Jim Davila at PaleoJudaica received an email from a colleague that sheds remarkable light on the “discovery” of the ancient Christian-linked lead books.
In a nutshell, David Elkington (the same guy who’s hawking the lead codices) requested translation help last Fall from Dr. Peter Thonemann for a metal codice that he claimed was part of a collection discovered in northern Egypt. Analysis showed the Greek text had been copied from an ancient tombstone on display in a museum in Amman, Jordan. The copier/inscriber apparently did not know Greek since the text was lifted from the middle of its context and made little sense, and since the alphas and lambdas were rendered identically to each other. (Oops.)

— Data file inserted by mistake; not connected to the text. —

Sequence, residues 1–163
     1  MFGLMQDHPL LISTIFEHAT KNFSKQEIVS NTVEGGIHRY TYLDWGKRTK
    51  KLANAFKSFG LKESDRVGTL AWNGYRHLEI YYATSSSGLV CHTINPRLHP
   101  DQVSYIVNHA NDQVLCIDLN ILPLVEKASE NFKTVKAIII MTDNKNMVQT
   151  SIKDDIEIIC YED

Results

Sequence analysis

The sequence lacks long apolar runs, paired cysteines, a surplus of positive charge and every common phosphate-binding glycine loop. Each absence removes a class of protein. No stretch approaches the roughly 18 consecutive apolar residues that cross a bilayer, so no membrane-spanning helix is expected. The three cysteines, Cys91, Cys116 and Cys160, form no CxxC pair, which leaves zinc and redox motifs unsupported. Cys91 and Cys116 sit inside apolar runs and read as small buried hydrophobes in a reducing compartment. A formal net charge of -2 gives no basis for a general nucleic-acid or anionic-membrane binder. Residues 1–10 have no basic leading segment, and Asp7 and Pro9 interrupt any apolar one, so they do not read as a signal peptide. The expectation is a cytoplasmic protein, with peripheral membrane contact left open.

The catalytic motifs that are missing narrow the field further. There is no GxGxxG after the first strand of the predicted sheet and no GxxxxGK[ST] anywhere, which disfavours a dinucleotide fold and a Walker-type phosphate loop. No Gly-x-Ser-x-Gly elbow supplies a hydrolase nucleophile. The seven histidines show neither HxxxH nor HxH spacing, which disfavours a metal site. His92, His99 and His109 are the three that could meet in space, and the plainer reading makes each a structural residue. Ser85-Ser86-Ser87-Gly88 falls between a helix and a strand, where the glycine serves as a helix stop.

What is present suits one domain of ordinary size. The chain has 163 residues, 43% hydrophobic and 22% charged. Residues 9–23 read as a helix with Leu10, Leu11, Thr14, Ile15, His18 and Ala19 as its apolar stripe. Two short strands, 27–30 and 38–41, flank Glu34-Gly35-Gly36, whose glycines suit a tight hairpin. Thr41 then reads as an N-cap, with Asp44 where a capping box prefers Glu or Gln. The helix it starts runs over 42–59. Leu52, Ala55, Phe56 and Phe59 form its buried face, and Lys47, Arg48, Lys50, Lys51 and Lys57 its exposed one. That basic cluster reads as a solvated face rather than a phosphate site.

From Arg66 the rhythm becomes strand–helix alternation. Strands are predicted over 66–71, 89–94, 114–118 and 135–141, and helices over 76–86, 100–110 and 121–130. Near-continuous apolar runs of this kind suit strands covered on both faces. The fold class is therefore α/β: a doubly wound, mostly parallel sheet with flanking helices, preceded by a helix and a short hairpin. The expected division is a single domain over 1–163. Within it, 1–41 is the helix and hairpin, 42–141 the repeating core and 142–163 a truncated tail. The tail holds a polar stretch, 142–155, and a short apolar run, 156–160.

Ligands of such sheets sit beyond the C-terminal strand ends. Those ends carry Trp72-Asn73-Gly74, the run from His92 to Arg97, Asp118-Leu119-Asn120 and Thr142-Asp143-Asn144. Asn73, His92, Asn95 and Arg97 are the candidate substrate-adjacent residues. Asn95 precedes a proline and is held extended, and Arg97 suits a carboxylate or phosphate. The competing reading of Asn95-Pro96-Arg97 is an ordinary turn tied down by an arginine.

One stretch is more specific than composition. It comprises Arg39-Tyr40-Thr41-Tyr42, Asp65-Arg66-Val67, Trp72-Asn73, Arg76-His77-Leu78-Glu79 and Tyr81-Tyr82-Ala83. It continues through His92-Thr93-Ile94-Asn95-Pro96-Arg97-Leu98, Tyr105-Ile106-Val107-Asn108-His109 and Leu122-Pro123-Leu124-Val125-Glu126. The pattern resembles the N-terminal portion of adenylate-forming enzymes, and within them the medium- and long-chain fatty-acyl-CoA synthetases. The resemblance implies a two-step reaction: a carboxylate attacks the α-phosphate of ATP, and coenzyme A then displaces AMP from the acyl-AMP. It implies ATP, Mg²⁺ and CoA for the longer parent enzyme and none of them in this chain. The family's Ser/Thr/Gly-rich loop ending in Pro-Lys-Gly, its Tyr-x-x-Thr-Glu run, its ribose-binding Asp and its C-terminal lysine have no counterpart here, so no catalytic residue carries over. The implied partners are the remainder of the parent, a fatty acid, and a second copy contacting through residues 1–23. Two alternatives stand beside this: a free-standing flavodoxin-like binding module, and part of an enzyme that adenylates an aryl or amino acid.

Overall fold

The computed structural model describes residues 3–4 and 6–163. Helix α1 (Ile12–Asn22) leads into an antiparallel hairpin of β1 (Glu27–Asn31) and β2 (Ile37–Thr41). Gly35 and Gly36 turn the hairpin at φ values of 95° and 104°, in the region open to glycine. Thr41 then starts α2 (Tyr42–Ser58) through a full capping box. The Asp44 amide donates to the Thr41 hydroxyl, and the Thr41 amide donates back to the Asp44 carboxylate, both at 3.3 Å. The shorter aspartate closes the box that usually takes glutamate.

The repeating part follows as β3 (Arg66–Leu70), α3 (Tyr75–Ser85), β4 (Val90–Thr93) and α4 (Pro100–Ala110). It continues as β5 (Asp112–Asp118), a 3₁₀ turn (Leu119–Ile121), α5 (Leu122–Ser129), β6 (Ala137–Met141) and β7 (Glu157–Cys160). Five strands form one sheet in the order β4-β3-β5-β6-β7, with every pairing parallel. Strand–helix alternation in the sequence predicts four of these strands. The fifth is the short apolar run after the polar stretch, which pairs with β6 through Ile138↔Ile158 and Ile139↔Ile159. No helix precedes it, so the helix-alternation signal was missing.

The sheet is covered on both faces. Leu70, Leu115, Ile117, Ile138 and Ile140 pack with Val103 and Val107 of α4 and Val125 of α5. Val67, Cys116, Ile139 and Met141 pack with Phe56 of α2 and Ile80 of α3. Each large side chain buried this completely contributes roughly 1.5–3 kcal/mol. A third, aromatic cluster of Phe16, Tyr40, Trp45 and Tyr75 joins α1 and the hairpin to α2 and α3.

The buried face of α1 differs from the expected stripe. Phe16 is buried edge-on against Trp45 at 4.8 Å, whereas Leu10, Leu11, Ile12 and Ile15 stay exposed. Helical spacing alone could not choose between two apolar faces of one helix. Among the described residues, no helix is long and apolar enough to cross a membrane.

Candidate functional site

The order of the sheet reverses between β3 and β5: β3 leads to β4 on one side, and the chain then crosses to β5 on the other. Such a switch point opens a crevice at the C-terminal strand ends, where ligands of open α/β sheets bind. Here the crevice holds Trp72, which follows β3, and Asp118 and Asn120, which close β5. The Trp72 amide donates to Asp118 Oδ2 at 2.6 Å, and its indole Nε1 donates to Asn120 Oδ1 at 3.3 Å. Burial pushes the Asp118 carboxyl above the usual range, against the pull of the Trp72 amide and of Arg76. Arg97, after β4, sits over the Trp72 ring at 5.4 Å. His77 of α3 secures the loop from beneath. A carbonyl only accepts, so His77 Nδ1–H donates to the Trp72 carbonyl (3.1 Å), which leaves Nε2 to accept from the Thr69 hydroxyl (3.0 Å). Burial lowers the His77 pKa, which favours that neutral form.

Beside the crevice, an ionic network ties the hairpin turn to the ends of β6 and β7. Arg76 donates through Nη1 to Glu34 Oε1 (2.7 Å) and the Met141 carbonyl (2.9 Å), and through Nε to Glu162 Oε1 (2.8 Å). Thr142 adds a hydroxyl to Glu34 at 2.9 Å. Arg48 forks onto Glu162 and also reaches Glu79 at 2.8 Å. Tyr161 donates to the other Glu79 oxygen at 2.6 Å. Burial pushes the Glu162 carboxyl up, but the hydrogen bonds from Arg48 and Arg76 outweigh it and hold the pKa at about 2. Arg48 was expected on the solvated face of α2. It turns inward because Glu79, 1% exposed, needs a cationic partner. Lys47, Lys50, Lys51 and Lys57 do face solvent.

Dr. Thonemann’s conclusion:
The only possible explanation is that the text on the bronze tablet was copied directly from the inscription in the museum at Amman by someone who did not understand the meaning of the text of the inscription, but was simply looking for a plausible-looking sequence of Greek letters to copy. He copied that sequence three times, in each case mixing up the letters alpha and lambda.
This particular bronze tablet is, therefore, a modern forgery, produced in Jordan within the last fifty years. I would stake my career on it.
See the PaleoJudaica post here. There are good photos of the forgery text and plates. They appear similar to the ones from “Jordan” being discussed right now that also originate from Mr. David Elkington.
Is it fair to say that one set of forged metal codices casts doubt on the others being promoted by the same individual?